Should You Buy Dual Fuel or Gas Range

gas stove range oven

As part of my first townhouse remodel,  I had granite countertops and stainless steel appliances installed in the kitchen.  This remodel was my first major change in our townhouse. I knew that I was going to go on to repaint the upper level and to change out the carpets in all the rooms but I wanted to get the kitchen completed and what I assumed was the only messy construction type change we oule make.  I was wrong there as those who follow the blog will know. I did a more recent upgrade and had white cabinets installed but fortunately that di not make a significant mess.

Originally we had all cream appliances chosen by the builder.  So we went to the local big-box stores: Lowes, Home Depot, and Best Buy are ours.  We chose a set of “gallery “appliances. Now, the appliances lasted me about five years.  First, the dishwasher won’t drain and so after failing to meet the extended warranty commitment, I replaced the dishwasher with another brand. See HERE  about that experience!! This time I went to an Appliance store: actually I went to True Value Hardware, which has home decor, construction, and appliance section within the store.  I have a bit of history about the place in the dishwasher blog I just mentioned.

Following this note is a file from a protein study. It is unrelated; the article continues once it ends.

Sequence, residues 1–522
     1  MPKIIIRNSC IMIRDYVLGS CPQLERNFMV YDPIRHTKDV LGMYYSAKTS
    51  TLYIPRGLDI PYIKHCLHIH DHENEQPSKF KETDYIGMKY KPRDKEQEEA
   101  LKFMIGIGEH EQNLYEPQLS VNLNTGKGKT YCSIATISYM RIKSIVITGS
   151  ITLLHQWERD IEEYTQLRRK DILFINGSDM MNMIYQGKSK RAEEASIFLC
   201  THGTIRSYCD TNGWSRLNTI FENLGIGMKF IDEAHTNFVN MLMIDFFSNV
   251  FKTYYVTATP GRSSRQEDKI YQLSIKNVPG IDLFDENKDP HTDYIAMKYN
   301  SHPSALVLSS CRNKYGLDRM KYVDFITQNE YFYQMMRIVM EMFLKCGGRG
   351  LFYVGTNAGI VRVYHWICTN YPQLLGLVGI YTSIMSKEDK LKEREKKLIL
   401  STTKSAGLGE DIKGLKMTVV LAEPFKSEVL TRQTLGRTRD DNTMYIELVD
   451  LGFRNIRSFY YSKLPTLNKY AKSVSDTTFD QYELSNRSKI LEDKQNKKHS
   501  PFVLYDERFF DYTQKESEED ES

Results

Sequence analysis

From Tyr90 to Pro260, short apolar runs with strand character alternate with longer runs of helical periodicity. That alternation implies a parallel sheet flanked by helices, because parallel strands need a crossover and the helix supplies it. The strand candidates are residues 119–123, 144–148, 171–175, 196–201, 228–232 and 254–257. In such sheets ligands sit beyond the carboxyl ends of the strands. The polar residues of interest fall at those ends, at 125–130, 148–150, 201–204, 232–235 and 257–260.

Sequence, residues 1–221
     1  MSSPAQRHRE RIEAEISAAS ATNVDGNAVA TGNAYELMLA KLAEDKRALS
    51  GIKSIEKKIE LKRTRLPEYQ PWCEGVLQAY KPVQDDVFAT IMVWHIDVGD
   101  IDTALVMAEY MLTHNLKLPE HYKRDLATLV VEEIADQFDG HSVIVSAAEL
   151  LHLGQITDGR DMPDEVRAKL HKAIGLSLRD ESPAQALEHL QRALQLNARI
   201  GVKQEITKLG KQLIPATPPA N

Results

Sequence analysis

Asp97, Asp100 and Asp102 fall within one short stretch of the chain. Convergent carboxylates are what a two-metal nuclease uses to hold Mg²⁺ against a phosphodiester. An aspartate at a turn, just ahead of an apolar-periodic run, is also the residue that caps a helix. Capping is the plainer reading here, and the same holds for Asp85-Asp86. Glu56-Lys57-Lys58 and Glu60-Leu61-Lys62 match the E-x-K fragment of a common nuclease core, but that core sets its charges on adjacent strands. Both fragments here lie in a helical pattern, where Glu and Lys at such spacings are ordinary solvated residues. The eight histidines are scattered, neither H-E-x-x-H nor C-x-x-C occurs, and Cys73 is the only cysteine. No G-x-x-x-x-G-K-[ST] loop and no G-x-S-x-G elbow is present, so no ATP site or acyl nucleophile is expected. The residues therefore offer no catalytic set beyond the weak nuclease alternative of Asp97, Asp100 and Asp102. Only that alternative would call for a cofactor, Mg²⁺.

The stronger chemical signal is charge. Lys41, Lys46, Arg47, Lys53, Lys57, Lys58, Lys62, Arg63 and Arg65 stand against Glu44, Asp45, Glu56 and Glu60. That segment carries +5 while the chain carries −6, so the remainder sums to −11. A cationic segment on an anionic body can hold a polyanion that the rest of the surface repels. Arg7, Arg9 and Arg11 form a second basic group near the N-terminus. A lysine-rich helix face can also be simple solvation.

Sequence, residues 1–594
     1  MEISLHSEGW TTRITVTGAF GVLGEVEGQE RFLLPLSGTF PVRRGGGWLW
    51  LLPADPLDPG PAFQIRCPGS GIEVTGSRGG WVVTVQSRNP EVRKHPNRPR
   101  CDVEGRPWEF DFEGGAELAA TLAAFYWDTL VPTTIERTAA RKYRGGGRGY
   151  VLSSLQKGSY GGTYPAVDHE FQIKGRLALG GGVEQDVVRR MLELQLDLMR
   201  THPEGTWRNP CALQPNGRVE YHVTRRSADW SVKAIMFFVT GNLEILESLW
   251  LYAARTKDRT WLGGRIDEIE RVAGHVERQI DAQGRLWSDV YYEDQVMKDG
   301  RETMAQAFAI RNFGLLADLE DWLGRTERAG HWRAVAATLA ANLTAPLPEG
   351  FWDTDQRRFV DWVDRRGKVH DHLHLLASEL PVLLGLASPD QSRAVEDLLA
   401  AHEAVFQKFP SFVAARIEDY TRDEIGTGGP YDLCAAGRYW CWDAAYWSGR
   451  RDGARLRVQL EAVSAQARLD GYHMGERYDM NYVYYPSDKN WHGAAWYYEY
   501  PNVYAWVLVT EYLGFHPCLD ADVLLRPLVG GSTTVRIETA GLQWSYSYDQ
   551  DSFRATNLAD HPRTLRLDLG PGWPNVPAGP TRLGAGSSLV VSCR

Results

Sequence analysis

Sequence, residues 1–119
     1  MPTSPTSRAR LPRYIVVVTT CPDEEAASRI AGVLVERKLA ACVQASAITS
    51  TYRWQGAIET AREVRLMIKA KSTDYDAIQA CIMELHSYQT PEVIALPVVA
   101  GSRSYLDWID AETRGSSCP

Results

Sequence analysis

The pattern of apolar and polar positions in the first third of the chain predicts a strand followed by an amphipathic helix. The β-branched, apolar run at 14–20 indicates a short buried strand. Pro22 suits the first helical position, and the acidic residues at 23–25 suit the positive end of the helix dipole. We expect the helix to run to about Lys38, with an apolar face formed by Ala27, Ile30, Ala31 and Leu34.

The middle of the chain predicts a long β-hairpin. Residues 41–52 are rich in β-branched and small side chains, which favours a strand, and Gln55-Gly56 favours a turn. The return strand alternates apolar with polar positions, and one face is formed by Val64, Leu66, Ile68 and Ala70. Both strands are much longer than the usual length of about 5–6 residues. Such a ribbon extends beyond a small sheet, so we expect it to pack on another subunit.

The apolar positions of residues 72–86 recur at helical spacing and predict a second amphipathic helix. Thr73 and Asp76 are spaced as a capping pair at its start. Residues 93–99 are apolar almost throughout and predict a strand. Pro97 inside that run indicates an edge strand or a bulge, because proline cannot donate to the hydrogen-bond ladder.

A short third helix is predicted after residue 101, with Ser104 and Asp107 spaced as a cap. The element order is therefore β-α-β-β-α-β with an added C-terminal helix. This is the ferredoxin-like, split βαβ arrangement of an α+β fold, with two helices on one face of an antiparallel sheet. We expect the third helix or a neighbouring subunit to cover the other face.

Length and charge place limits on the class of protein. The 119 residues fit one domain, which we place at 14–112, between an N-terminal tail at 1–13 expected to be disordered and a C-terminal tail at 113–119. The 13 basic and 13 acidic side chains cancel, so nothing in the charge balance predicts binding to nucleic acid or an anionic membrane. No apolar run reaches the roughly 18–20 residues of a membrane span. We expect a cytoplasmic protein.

Next, the refrigerator with indoor ice and water started acting up.  The ice dispenser kept freezing up. Again, I was unable to meet the commitments of the extended warranty- sound familiar?   While they repaired it once, that repair did not hold. Fridges are expensive. I still have the unit but I have to empty the ice bucket in the main compartment every few days or the ice maker unit jams and makes a horrendous noise.

Basically from the time I had it: the range oven on the gas stove did not maintain the correct temperature.  If anything required longer than 30 minutes to cook; the temps went up and down on a willy nilly cycle. I stopped baking things and just used the gas cooktop.